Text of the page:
In Munich, a tasty turn
Creative bartenders and chefs are mixing it up in the Bavarian capital
It was a Thursday afternoon and the surfers were out in full force in Munich’s English Garden, catching the waves that rolled through the Eisbach, a narrow channel of the Isar River.
This surreal scene was happening across a grassy plot from the Haus der Kunst, a contemporary art museum that was built in the 1930s to house Nazi propaganda art before it became an officers’ club for the U.S. Army. The walls in the room where the soldiers — and the Nazi officials before them — drank are covered in gold-leaf panels painted with maps depicting different wine- and spirit-making regions around the world. They were concealed with plywood to downplay the building’s history but were uncovered and restored in 2003.
This is the historic backdrop for nighttime revelers, but on this sunny afternoon, hip young things, including a few with wet hair from the surf, were gathered on the expansive patio. I settled among them for the outdoor bar’s signature — a gin sour topped with gin-and-tonic foam and sprinkled with dehydrated Campari bits — and tried to balance myself at this fascinating intersection of then and now.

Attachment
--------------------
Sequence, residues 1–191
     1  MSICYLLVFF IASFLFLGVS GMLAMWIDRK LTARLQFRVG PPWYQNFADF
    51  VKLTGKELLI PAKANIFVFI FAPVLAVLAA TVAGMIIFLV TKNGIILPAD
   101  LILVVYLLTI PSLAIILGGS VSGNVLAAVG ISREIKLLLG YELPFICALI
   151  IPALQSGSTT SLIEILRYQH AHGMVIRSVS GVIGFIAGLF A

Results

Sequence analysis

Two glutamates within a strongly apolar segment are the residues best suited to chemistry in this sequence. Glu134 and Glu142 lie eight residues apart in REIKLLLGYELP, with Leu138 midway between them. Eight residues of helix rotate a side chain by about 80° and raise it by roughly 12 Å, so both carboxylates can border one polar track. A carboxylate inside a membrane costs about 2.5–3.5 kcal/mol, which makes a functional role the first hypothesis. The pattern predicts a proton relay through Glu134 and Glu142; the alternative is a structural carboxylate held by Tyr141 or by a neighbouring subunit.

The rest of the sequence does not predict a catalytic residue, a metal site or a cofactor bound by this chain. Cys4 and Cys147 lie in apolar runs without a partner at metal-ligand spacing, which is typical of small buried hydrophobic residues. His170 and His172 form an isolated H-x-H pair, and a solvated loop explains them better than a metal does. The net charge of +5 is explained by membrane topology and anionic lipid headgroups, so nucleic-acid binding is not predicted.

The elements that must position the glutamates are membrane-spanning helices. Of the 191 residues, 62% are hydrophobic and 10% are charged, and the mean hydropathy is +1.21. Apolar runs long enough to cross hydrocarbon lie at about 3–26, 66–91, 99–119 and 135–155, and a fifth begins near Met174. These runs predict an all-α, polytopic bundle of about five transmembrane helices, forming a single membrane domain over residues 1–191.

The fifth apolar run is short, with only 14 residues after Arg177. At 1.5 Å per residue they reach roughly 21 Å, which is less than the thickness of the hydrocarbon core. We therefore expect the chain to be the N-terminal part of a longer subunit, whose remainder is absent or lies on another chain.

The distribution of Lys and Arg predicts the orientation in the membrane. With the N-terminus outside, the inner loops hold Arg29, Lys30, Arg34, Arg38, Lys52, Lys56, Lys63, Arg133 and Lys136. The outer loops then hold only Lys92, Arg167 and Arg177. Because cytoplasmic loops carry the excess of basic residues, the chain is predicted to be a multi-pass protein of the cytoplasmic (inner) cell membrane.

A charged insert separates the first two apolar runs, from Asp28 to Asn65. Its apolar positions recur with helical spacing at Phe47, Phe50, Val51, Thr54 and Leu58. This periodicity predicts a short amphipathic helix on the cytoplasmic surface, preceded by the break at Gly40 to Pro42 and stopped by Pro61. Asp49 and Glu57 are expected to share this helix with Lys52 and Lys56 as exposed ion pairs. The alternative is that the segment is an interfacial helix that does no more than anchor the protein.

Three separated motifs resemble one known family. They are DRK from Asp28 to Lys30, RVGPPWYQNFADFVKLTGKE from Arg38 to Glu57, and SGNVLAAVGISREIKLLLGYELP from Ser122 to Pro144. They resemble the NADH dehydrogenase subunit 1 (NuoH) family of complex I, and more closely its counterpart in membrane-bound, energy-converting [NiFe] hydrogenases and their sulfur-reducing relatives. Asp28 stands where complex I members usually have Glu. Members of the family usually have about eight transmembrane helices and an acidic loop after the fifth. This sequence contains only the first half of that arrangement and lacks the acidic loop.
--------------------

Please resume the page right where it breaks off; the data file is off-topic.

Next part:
Munich has long been a victim of typecasting, mired in a reputation of oversize mugs of beer and bratwurst consumed by lederhosen-clad revelers during Oktoberfest. But in recent years, bartenders and chefs have worked to make that an antiquated image. Their efforts are paying off.
That’s the sense I got at Wabi Sabi Shibui, an imaginative Japanese restaurant that opened in 2018. It’s owned by Klaus St. Rainer, who also owns Goldene Bar. A bartender for several years at Schumann’s, pretty much the city’s only cocktail destination for years (more on that in a moment), he was insistent on bringing Munich into a new era.
I sipped on a Me So Miso, an Eastern twist on an Old-Fashioned with JapaWizigmann, nese whiskey and sake and sweetened with clarified miso syrup. The food plays on Japanese flavors.
The Ramonara is a ramen noodle variation on the spaghetti carbonara theme, and a potato salad dish comes with salmon caviar, shoyu egg and edamame. This being potato salad in Germany, however, I couldn’t help but think it took cues from local cuisine too.
But these days, with so many chefs on the move around the world, “local cuisine” can sometimes feel like something dynamic, a synthesis of an individual’s personal experience.